Monthly Archives: June 2016

Animal Study Finds a Brain Circuit That Spurs Bullying

MouseBullies often like being bullies—and an entire line of research links aggressive behaviors to brain areas tied to sensations of reward—sites deep below the organ’s surface with names like the ventromedial hypothalamus and the extended amygdala.

One lingering puzzle is what precedes the aggressive act. What makes a person—or, in this case, a mouse—lash out? A new study, published June 29 in Nature, shows that the thought of being the aggressor simply feels good to certain animals. I had a fascinating talk this week with Scott Russo from the Icahn School of Medicine at Mount Sinai, the paper’s senior author, who described the significance of these findings.

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LGBTQ youth face higher online risks

The Internet has proven to be a revolutionary tool that has changed the world – and like many such innovations before it, it’s mostly a blessing, but a little bit of a curse. While the instant communication that the Internet provides has spread access to information globally and helped disenfranchised groups to build and engage their communities, it also provides the means and opportunity for these same vulnerable populations to be harassed and exploited. Whether affecting women, youth, the elderly, or the LGBTQ community, the Internet (and mobile apps) provide a wealth of educational and social resources, but these groups also face higher than average rates of cyberbullying, online exploitation, and abuse.

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Op-ed: Utah law helps employees demand an end to workplace bullying

One year ago, a new set of requirements went into effect for state agencies. Those rules were directed at helping employees cope with workplace bullies and were promoted by advocate Denise Halverson as part of a nationwide effort by an information resource website, the Workplace Bullying Institute (WBI).

House Bill 216, titled the Healthy Workplace Bill was introduced in 2015 by Orem Rep. Keven Stratton and quietly went into effect on July 1, 2015. The law establishes training for state workers that defines the types of abusive behaviors, which when directed by one or more employees of an organization toward a targeted worker can result in damaging psychological as well as physical effects. According to WBI sponsored studies from 2014, those effects result in the targeted employees leaving their jobs 61 percent of the time to get away from the abuse.

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A Follow-Up Discussion on Workplace Bullying #SHRM16

As part of my blogging team coverage of the 2016 SHRM Annual Conference and Exposition, several weeks ago I conducted a Q&A with Catherine Mattice, one of the conference’s concurrent speakers.  The post served as a preview of her session, titled “The Real World: Case Studies of Real Organizations Who Solved Their Workplace Bullying Problems” and gave us some insight into her thoughts on the reality of workplace bullying.  You can read that initial Q&A post here.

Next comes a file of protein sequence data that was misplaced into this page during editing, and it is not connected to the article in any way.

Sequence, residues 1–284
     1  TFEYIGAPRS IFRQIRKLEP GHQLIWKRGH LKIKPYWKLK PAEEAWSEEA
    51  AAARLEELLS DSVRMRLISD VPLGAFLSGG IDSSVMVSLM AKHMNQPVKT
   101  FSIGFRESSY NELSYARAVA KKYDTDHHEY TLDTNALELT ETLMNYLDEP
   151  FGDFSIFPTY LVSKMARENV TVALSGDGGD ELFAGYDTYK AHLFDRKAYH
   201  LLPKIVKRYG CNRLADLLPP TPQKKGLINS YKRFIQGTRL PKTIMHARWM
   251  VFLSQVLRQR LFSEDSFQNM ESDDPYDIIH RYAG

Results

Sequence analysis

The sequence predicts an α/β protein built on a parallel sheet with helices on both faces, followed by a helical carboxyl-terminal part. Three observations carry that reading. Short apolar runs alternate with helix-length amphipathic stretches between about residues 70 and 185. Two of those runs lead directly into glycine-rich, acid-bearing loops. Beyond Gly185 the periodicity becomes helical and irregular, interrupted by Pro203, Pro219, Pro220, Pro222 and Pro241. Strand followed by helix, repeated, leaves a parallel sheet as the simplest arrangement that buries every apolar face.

So naturally at the conference I took the opportunity to attend her session.  What was immediately apparent to me is just how passionate Catherine is about this topic.  This wasn’t something she was presenting on because it’s trendy or simply a hot topic amongst HR pros right now, she really, truly believes that not only is this a very real issue, but it’s one that can be solved.  Her enthusiasm for the topic came across in our Q&A, but once I had the opportunity to see her actually speak on the topic, and how she at times spoke on the brink of emotion, it became very obvious that this is something she is dedicated to educating, addressing, and alleviating in our workplaces. (One point to note: Catherine herself was at one time the victim of a workplace bully, and that is what initially sparked her desire to start talking about it).

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Sixth Circuit panel rules that Ohio district could not be held liable for the sexual assault of a baseball player by his teammates because the plaintiff failed to establish municipal liability on the part of the district

Abstract: A U.S. Court of Appeals for the Sixth Circuit three-judge panel has ruled that an Ohio school district could not be held liable for the sexual assault of a member of the high school baseball team by his teammates. The panel concluded that even if the victim had established a state-created danger giving rise to a substantive due process violation, he had failed to establish municipal liability, under Monell v. Dep’t of Soc. Servs., 436 U.S. 658 ( 1978), on the part of the school board.

Facts/Issues: K.R. was a freshman at Wayne High School (WHS). As a prospective member of the baseball team, he participated in regular voluntary workouts at the school gym. During one of the workouts, K.R. became involved in an argument with a teammate. Shortly after, Assistant Coach Jonathan Soukup asked B.C., another member of the team, about the incident.

K.R. claims Soukup told B.C. to “take care of it.” Soukup denies the allegation. K.R. was subsequently sexually assaulted by B.C. and three other teammates, including R.M. Later that evening K.R. informed his parents of the assault.

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